By HAL McCOY
It is uncanny, almost surreal, that it happens time after time after time. Almost like clockwork.
And it happened again Saturday night in San Diego’s Petco Park — and this one cost the Cincinnati Reds a crushing defeat.
For the 20th time this season, a Reds relief pitcher came into a game and gave up a home run to the first batter he faced. That borders on the incredulous.
THIS TIME IT WAS Jumbo Diaz in the 10th inning of a tie game.
Diaz gave up a walk-off home run to an unlikely source, former Reds infielder Adam Rosales, and the San Diego Padres scored a 2-1 win.
Not only was Rosales batting eighth in the order and batting .208, he wasn’t supposed to be in the lineup. He was a late insertion when the trade-happy Padres traded Matt Kemp just before the game.
ROSALES SOILED AND SPOILED incredibly good pitching performances by Reds starter Anthony DeSclafani and relief pitcher Raisel Iglesias.
Despite holding the Padres to one run and four hits over six innings, DeSclafani was deprived of his seventh straight win this season.
Iglesias, who hasn’t given up an earned run in 22 relief inning this year, pitched three innings of relief and retired 12 of the 13 batters he face, giving up no runs and one hit while striking out five.
But as good as Cincinnati pitching was, notwithstanding Diaz’s one-batter mishap, the Padres were better.
STARTER CHRISTIAN FRIEDRICH, 4-and-6 with a 5.00 earned run average, hadn’t won a game since June and when the Reds saw him in June they scored six runs off him in 5 1/3 innings.
Not on this night.
Friedrich pitched six innings and gave up one run, five hits and one walk. And when he left, four San Diego relief pitchers retired 12 straight Reds.
THE REDS BROKE ON TOP in the third when Eugenio Suarez led the inning with a double, took third on DeSclafani’s fly to right and scored on Billy Hamilton’s two-out 0-and-2 single to center.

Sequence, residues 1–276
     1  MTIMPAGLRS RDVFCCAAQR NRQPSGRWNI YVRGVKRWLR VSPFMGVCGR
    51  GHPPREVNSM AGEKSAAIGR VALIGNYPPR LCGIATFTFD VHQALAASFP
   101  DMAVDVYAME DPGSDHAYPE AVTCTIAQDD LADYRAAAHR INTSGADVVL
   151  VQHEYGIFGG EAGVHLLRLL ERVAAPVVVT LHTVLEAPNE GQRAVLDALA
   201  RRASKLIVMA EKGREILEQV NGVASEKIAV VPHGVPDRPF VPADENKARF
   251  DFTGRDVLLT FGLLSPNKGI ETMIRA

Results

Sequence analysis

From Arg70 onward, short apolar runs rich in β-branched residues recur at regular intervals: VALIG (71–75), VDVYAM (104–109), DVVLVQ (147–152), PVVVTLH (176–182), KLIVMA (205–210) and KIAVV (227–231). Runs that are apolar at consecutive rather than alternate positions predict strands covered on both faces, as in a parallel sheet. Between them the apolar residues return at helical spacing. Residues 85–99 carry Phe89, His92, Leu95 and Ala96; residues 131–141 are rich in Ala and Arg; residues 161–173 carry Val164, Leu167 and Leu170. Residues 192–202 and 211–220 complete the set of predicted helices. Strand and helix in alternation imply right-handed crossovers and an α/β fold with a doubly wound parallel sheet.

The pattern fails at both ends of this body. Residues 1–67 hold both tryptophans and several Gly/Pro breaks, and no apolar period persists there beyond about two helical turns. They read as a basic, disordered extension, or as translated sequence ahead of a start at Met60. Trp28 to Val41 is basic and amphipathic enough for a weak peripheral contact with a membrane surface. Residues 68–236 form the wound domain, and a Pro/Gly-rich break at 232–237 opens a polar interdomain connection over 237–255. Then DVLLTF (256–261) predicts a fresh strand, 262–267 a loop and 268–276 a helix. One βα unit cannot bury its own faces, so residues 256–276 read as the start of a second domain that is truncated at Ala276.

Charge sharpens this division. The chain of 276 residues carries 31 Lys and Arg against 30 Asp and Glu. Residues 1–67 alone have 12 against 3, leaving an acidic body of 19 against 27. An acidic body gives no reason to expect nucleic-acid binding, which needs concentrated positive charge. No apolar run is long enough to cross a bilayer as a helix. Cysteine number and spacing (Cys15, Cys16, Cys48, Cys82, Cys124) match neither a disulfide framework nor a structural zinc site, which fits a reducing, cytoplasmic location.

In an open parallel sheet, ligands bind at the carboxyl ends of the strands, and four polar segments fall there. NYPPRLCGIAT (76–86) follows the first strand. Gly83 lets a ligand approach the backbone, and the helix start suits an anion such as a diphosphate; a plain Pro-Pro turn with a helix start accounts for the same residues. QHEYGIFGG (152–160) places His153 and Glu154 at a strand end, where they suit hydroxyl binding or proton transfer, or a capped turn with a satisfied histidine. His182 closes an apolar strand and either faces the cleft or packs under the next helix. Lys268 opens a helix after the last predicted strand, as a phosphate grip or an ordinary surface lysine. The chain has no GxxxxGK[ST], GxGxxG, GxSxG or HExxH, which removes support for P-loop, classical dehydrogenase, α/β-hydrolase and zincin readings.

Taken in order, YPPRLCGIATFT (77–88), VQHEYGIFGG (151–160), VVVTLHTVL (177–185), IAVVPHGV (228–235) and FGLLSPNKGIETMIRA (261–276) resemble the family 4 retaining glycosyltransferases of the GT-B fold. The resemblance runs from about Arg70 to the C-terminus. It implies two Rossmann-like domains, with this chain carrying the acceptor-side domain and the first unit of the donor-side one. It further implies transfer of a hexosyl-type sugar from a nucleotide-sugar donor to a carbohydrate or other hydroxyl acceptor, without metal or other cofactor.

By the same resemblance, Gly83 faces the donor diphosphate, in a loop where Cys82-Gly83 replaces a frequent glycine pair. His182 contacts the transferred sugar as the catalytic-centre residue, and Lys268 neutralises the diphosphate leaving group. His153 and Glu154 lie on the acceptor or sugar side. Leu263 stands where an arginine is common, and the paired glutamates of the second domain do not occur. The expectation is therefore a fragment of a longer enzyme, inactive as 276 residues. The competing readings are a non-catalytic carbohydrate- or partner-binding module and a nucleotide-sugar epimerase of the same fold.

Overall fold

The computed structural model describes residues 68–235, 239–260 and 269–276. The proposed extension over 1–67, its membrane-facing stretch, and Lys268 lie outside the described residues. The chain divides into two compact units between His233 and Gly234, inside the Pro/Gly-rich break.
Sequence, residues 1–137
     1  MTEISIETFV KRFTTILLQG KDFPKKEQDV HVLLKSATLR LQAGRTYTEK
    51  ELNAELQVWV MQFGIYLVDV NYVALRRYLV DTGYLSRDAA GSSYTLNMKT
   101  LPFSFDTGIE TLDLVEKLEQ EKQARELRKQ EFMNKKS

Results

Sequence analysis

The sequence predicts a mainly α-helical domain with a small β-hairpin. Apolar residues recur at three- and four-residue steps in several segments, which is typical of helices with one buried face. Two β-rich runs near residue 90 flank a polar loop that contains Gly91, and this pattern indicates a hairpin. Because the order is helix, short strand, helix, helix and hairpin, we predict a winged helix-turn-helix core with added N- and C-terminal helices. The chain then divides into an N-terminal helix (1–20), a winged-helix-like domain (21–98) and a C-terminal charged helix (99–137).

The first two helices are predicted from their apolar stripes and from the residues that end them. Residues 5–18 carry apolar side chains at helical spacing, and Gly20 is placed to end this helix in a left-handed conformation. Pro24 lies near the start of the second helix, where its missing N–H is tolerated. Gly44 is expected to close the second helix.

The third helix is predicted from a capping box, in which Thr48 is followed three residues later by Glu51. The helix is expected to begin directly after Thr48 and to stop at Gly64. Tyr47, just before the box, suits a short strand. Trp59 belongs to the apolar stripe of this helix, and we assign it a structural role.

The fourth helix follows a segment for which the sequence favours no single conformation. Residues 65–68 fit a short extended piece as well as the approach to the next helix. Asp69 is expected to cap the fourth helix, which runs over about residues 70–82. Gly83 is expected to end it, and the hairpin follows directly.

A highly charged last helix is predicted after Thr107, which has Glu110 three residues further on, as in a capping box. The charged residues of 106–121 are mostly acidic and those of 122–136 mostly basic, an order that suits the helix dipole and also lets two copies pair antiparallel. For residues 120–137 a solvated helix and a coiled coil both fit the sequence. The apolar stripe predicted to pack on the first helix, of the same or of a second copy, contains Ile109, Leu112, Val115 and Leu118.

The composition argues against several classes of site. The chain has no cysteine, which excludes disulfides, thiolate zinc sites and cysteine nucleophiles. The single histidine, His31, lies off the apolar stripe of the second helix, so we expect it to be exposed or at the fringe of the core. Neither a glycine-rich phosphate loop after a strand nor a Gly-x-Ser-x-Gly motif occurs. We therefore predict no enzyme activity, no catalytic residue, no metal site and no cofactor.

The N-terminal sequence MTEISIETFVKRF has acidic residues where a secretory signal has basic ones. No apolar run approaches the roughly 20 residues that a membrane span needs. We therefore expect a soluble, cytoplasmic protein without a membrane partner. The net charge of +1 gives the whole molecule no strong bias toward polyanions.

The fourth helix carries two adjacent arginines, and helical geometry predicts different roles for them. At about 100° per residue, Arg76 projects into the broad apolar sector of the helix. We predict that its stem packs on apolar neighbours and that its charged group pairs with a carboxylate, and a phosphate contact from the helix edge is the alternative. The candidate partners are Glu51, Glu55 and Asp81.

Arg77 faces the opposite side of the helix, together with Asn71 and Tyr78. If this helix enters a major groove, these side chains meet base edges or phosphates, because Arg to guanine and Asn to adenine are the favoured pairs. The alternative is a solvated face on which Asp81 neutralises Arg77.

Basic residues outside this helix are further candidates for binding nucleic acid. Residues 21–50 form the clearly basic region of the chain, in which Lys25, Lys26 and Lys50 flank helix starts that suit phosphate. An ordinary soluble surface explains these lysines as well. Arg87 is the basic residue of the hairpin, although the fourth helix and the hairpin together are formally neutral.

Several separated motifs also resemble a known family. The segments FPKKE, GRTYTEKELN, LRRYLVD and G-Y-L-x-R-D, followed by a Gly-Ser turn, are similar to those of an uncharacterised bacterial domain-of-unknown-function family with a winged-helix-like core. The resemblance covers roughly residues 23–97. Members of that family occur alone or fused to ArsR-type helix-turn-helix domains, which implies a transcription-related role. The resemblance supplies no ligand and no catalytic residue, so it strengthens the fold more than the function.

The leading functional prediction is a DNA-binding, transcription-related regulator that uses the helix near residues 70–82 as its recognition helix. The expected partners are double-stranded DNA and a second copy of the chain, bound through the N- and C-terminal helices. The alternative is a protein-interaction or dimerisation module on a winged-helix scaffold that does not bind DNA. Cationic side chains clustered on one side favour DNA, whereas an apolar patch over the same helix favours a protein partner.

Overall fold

Joey Votto opened the fourth with a single to extend his hitting streak to 14 straight games and advanced to second on a fly ball, but Adam Duvall popped out and Brandon Phillips grounded to second. Phillips went 0 for 4, ending his hitting streak at 16 straight.
Zack Cozart pushed his hitting streak to 11 games when he singled with one out in the first, but Votto hit into an inning-ending double play.
DeSclafani retired the first seven Padres, four of them hard hit line drives that were caught, before Rosales blooped a double down the right field line with one out in the third.
IF THERE IS ONE THING DeSclafani had not done during his 6-and-0 start it was issue walks. He had walked only 11 over a 60-inning stretch when the sixth inning began.
But with one out he walked both Ryan Schimpf and Wil Myers. Brett Wallace lined to right for the second out but Alexi Amarista, who had three hits, singled to right field on a 2-and-2 count to tie it, 1-1.
Reds manager Bryan Price has taken a lot of unnecessary heat and criticism this year but he has to be given credit for his bullpen methodology since the All-Star break.
Price professes to be an old-school guy and he is showing it with the way he is using Iglesias and Michael Lorenzen for multiple innings, going against the grain of teams using relief pitchers one inning at a time.
IGLESIAS PITCHED HIS way out of a mess of his own making in his third inning, the bottom of the ninth.
With one out, Amarista singled. Iglesias tried to pick him off and threw the ball into right field and Amarista scampered to third base — the winning run 90 feet from home plate with out out.
But Iglesias struck out Jose Rondon for the second out. Rondon, called up from Double-A on Friday night, made his major league debut as a starter Saturday and earlier in the game punched his first major league hit.
After Rondon struck out, Iglesias induced an inning-concluding ground ball back to the mound.
And that took the game into the 10th and Rosales ended it quickly on a fat hit-me-and-hit-me-hard fastball. Heading into Friday’s game the Padres had hit home runs in 25 straight games, but the Reds shut them out, 6-0. Rosales started a new streak.
Homer Bailey makes his 2016 debut Sunday afternoon after undergoing two elbow surgeries and making six minor-league rehab appearances. Now it is for real and while his numbers at Class AAA Louisville were not good, he said, “I expect the adrenaline to kick in now.”